Water

Max Harwood (Director), Yahya Al-Abdullah (Director)

Research output: Non-traditional research outputDigital or Visual products

Abstract

‘Water’ is an ethnographic documentary profiling the recent arrival of innumerable Syrian street beggars in Istanbul, Turkey. Fallout from the ongoing civil war has displaced upwards of one million Syrian refugees into Turkey alone. Though international organisations in concert with the Turkish government have established refugee camps on the Syrian-Turkish border, migration has pushed Syrians further west, across all of Anatolia.

By the winter of early 2014, large numbers of families suddenly appeared begging on the streets of central Istanbul, over a thousand kilometres from the Syrian border. In order to document the developing situation, former Aleppo native Yahya Al-Abdullah and I set out to speak to the newly arrived refugees, initially to gather interviews to raise awareness through a collaborative film.

Over three months, we sat and spoke with dozens of men, women and children. With Yahya having lived in Aleppo for most of his life, he immediately recognised the identity of the majority of Istanbul’s beggars as native Syrian Domari.

A distinct ethnicity and nomadic Kurdish/Turkic community, Syria's Domari (or Kurbaht) are amongst the country's poorest people. Traditionally following the harvest season, the Domari travel in large families, passing from village to village, playing music and providing entertainment at weddings in exchange for food and supplies for the winter - a social and economic pattern that has existed for centuries. In dense urban environments like Aleppo and Damascus, they are known to sell basic wares and benefit from zakat (alms giving) around mosques and other holy places.

Like millions of others, the Domari were forced to leave Syria as the country spiraled out of control, in a war that has killed nearly 200,000 people and displaced over 4 million. After we started filming, it became clear that almost all the Syrians we spoke with were newly arrived in Istanbul against their will - having been ‘told’ to make the arduous journey overland, with promises of comfort, safety and job security.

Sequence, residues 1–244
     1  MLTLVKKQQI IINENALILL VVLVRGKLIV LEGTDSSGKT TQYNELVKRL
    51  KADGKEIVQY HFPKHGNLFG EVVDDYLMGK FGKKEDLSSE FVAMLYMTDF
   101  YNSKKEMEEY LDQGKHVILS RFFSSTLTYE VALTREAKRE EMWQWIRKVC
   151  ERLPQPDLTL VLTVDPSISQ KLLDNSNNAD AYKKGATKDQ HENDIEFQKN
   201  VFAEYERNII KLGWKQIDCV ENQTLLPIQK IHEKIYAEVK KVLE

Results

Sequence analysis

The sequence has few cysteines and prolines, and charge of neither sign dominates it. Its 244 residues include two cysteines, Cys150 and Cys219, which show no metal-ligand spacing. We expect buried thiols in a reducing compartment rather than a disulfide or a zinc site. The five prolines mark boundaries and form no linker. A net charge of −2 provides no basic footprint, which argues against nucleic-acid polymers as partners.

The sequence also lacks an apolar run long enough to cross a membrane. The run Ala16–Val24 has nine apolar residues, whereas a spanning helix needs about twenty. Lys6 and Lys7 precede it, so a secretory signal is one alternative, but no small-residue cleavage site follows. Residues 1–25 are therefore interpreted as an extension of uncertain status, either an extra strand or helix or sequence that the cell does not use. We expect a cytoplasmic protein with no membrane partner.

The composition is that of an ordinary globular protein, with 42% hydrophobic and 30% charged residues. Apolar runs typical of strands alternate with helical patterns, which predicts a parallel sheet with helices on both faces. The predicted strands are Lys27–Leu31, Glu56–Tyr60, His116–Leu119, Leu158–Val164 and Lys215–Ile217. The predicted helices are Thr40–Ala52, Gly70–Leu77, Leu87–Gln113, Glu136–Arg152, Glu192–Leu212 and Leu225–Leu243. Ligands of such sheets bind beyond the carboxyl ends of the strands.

What awaited them, however, was forced street begging in central Istanbul, and communal living in rundown slums that were described as ‘hotels’ run at exorbitant rates by apparent human traffickers. Yahya was shocked to realise that almost everyone we spoke to hinted at, or specifically testified to being forced to beg in a city they had never imagined they would ever visit.

After a summer of filming, what emerged was contrary to the simplistic narrative of Istanbul's new arrivals. Not the product of a failing humanitarian response, Istanbul's Syrian beggars are the result of an extremely vulnerable community disoriented by war, displaced in an already crowded megapolis. Our film; ‘Water’, is the result of one particular encounter with a small family living in Kucuk Pazar, just minutes from Istanbul’s old city. We were granted access to the family’s daily routine, and in a single afternoon captured their experiences and survival in often overwhelming Istanbul.

‘Water’ attempts to show both the extreme complexity of the ongoing Syrian refugee crisis and its demographics, whilst trying to humanise a largely faceless catastrophe of unimaginable proportion.
Original languageEnglish
Media of outputFilm
Size20 minutes
Publication statusPublished - 2016

Fingerprint Dive into the research topics of 'Water'. Together they form a unique fingerprint.

Cite this